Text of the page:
Holiday tradition includes nontraditional music
December 4th, 2012
Omaha, NE – A local holiday tradition continues this year with some nontraditional music.
This weekend, the Omaha Symphonic Chorus presents its annual Christmas at the Cathedral concerts. The Chorus is joined by the Omaha Symphony Chamber Orchestra and the Archdiocesan Childrenâ€™s Choir.The centerpiece of the first half is Mozartâ€™s Solemn Vespers. This work is not traditionally associated with Christmas, but Chorus Director Greg Zielke said some the text is appropriate for the occasion. â€œâ€œI suppose that it was selected on the basis of the last movement, which is the Magnificat, the song of Mary,â€ Zielke said. â€œSo that is sort of our tie-in with the Christmas theme.â€
Also, the name Solemn Vespers doesnâ€™t mean the music will be somber. â€œIn Mozartâ€™s thinking, that meant that it was for chorus and orchestra and soloists,â€ he said. â€œIt was a grander musical expression of a vespers.â€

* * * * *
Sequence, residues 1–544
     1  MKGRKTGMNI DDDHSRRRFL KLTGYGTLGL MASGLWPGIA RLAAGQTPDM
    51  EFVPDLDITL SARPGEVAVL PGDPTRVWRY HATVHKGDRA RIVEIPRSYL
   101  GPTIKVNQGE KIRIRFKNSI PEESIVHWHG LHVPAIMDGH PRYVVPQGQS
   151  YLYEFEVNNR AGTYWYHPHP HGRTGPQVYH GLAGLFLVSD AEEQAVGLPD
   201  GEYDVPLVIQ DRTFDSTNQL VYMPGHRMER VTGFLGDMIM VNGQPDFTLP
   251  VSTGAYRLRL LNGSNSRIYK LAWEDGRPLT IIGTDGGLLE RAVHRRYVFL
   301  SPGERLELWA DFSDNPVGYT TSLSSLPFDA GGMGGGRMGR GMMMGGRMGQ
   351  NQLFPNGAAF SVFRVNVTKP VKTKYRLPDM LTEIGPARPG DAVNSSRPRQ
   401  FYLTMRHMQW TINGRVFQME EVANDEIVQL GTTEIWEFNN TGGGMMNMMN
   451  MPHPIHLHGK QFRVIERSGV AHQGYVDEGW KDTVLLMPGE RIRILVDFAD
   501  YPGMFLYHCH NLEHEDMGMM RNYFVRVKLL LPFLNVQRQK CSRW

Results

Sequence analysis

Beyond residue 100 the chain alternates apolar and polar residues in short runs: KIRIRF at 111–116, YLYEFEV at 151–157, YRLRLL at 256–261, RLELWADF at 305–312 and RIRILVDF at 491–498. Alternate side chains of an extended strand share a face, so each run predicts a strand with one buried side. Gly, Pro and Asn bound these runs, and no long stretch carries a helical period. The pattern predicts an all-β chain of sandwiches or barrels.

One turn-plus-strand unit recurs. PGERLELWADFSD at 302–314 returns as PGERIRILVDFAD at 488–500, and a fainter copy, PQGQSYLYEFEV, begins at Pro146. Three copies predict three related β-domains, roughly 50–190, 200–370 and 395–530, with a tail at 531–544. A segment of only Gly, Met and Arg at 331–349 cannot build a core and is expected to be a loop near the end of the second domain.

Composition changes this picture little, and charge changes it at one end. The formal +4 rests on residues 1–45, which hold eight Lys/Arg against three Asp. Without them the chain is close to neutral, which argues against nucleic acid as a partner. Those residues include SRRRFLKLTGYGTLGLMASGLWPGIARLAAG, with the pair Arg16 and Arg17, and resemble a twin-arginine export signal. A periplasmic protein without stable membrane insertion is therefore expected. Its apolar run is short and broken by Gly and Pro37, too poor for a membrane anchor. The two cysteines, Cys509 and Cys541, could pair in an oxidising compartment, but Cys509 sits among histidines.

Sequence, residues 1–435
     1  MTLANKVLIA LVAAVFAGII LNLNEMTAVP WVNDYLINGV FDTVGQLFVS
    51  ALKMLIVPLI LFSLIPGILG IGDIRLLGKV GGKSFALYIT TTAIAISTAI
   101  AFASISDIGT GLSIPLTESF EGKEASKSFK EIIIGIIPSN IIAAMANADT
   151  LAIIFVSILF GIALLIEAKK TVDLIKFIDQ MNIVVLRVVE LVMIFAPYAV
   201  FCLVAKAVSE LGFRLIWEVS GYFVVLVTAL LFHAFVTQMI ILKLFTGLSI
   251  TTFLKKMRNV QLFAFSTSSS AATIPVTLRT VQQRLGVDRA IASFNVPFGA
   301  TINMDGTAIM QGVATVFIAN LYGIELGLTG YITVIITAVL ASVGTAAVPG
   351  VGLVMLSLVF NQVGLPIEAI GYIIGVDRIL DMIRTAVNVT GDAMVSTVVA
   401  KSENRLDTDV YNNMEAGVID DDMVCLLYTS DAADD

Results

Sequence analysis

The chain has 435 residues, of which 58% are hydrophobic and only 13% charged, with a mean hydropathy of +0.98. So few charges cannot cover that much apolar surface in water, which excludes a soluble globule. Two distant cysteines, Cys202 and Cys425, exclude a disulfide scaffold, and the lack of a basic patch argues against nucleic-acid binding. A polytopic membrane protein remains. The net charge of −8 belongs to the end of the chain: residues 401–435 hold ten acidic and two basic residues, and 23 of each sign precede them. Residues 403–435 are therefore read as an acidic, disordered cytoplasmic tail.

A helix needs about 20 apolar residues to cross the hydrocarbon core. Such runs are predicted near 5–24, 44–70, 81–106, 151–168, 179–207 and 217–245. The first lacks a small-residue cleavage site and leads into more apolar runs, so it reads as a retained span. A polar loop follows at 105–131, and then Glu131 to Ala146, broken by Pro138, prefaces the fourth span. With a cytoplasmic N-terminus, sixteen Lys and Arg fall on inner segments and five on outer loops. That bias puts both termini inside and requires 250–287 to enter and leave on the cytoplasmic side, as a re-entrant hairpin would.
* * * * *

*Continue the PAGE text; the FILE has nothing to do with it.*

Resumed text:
In fact, Zielke said, the music has Mozartâ€™s typical joyous sound with a touch of adolescent energy. â€œA good way to characterize this is â€˜youthful enthusiasmâ€™,â€ Zielke said.
The second half of the concert is quite a contrast to the first. It begins with quiet and introspective selections like Lo! How a Rose eâ€™er Blooming by Michael Praetorius, The Dream Isaiah Saw by Glenn Rudolph, and Arvo PÃ¤rtâ€™s Magnificat. Zielke said the Magnificat uses PÃ¤rtâ€™s signature sound. Thereâ€™s â€œquite a bit of dissonance found in the harmonies, but never in a bitter way,â€ he said. â€œItâ€™s a very calm and peaceful type of music.â€
The Chorus then switches gears, performing many familiar carols and building up slowly to the enthusiastic finale, We Wish you a Merry Christmas.
The 17th annual Christmas at the Cathedral concert with the Omaha Symphonic Chorus is this Friday at 8 p.m. and Sunday at 2 p.m. Both performances are in St. Cecilia Cathedral.
Comments are closed.